World’s first database of baseball statues compiled by UK researchers
The first ever database of statues commemorating baseball’s biggest stars, featuring legendary players, managers, owners, broadcasters and even famous fans, has been compiled by researchers from the University of Sheffield.
From ballparks to sports bars, museums to city squares and schools to cemeteries, life-size bronze depictions of men, women and children enjoying the national pastime can be found all across the US and Canada.
The striking database, at www.sportingstatues.com, records more than 200 baseball statues across the continent, featuring information on when the statues were unveiled, who sculpted them and the inscriptions on plinths or plaques, as well as images of each statue and links to location maps. A total of 35 US states feature a baseball statue, with 70 per cent of statues located at or close to a major or minor league ballpark.
The encyclopaedia of statues shows 164 distinct players, managers, executives, broadcasters and fans are depicted. The most frequently portrayed player, with seven statues, is barrier-breaker Jackie Robinson, although strangely none of his statues are sited at a current Major League Baseball ballpark. The database shows 52 per cent of statue subjects are National Baseball Hall of Famers. In addition, more than 50 statues of anonymous figures have been identified.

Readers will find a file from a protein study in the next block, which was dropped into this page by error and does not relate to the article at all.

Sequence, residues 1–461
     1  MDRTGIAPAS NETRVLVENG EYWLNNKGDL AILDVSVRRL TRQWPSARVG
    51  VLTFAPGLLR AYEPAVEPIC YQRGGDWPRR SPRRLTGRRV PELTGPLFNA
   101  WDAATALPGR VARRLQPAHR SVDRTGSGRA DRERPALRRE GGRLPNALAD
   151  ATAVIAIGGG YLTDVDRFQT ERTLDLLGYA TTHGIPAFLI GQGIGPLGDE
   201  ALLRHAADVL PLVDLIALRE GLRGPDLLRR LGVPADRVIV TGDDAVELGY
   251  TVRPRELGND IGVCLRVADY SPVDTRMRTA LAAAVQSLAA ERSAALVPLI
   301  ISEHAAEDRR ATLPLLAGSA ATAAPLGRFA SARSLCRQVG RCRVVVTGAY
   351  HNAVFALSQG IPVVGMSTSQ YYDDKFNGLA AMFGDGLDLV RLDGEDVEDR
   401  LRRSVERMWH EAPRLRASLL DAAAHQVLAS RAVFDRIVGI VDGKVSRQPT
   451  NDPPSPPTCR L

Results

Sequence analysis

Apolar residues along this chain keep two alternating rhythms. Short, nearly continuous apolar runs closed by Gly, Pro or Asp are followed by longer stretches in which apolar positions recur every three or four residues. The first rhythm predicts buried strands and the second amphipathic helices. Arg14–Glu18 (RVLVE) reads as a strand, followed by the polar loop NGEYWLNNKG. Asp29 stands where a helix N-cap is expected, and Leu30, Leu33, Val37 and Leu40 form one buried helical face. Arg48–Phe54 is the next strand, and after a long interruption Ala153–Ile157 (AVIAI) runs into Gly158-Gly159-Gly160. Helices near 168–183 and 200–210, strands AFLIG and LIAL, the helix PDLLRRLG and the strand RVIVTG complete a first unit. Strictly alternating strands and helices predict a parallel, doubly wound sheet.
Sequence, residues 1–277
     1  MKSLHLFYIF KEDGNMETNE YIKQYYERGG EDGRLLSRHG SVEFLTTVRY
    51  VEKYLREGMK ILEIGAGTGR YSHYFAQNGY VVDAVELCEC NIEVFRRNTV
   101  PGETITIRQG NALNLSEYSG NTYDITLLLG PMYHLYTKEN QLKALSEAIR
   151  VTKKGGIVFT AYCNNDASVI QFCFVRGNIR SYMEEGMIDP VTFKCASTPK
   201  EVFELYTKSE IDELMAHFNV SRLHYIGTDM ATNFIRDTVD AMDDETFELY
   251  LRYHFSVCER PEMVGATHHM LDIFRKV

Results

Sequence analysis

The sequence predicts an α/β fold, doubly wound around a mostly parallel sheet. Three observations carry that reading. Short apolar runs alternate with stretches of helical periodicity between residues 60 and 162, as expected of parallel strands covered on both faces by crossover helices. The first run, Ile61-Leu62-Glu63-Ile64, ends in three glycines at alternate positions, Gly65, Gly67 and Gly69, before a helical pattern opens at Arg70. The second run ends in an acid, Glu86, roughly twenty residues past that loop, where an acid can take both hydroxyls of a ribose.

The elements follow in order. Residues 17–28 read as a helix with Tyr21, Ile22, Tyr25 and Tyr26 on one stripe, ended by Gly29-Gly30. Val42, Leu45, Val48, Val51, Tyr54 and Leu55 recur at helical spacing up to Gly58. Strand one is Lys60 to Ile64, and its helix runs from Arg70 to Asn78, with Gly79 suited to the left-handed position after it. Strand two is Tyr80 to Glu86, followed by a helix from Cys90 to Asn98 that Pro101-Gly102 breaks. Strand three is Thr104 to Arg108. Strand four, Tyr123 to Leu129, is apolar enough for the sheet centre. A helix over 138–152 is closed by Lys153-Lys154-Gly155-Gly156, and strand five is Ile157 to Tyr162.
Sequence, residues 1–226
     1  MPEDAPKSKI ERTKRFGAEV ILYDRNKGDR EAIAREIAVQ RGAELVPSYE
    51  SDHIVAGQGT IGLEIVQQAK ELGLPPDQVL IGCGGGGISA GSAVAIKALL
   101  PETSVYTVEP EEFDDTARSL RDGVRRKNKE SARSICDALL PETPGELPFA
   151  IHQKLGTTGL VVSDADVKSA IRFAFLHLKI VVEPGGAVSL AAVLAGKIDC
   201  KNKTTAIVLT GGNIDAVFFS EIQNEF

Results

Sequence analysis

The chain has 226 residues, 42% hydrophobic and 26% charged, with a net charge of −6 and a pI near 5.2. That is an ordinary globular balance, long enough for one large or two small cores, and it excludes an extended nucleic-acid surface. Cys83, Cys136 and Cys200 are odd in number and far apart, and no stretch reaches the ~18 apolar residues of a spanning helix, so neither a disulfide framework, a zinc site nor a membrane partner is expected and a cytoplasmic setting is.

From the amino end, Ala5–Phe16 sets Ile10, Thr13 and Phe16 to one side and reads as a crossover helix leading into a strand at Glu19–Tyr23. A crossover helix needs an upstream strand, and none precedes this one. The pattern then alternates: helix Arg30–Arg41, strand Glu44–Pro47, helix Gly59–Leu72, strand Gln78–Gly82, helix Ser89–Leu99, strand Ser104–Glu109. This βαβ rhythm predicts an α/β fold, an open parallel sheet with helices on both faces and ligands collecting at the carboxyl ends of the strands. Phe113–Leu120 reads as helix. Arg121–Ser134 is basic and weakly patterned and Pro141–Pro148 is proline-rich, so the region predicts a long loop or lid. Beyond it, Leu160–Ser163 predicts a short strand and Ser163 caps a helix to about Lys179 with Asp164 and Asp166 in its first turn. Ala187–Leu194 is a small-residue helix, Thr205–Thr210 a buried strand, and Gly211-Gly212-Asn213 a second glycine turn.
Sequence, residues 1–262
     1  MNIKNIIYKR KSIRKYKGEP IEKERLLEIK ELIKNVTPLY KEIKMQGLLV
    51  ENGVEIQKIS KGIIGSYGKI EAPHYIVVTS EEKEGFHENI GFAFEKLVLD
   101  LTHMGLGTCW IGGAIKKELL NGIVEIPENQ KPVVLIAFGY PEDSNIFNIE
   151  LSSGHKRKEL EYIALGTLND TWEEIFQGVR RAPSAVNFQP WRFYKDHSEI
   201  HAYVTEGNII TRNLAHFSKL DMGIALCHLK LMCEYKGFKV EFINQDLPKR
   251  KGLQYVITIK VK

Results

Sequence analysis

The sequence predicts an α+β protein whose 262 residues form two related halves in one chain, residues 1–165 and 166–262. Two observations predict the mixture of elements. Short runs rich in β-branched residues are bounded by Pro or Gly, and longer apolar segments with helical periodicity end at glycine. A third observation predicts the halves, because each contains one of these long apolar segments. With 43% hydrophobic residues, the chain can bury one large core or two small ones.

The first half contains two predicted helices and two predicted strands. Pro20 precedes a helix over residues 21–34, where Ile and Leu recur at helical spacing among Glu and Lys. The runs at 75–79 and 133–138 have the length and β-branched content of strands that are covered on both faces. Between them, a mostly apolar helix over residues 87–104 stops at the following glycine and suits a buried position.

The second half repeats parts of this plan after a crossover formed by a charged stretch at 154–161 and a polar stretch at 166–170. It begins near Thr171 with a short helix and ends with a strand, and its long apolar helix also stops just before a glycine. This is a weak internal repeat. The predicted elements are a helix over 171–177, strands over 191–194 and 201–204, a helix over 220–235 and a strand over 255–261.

Dr Chris Stride, a statistician from the Institute of Work Psychology, University of Sheffield and Ffion Thomas, a graduate student from the University of Central Lancashire, have worked on the project for the past 18 months.
Dr Stride said: “The earliest baseball statue identified, which depicts former St. Louis Cardinals’ owner Chris Von Der Ahe, dates from the 1880s; it was commissioned by Von Der Ahe himself, and can be seen today at his grave in Bellefontaine Cemetery, St. Louis.
“However, 90 per cent of baseball statues have been erected since 1990, and over half in the last decade, showing it to be primarily a recent phenomenon. Innovative marketing strategies of baseball franchises based around branding through nostalgia and reflected glory are the primary reason for this increase.
“The fashion for baseball statues coincides with the birth of retro-themed ballparks such as Camden Yards and AT&T Park, which use nods to the past in construction and decoration to give the stadium environment a sense of authenticity and identity that appeals to fans. Statues are also being used by towns, cities and commercial organisations seeking reflected glory and identity from their sporting heritage.”
The University of Sheffield
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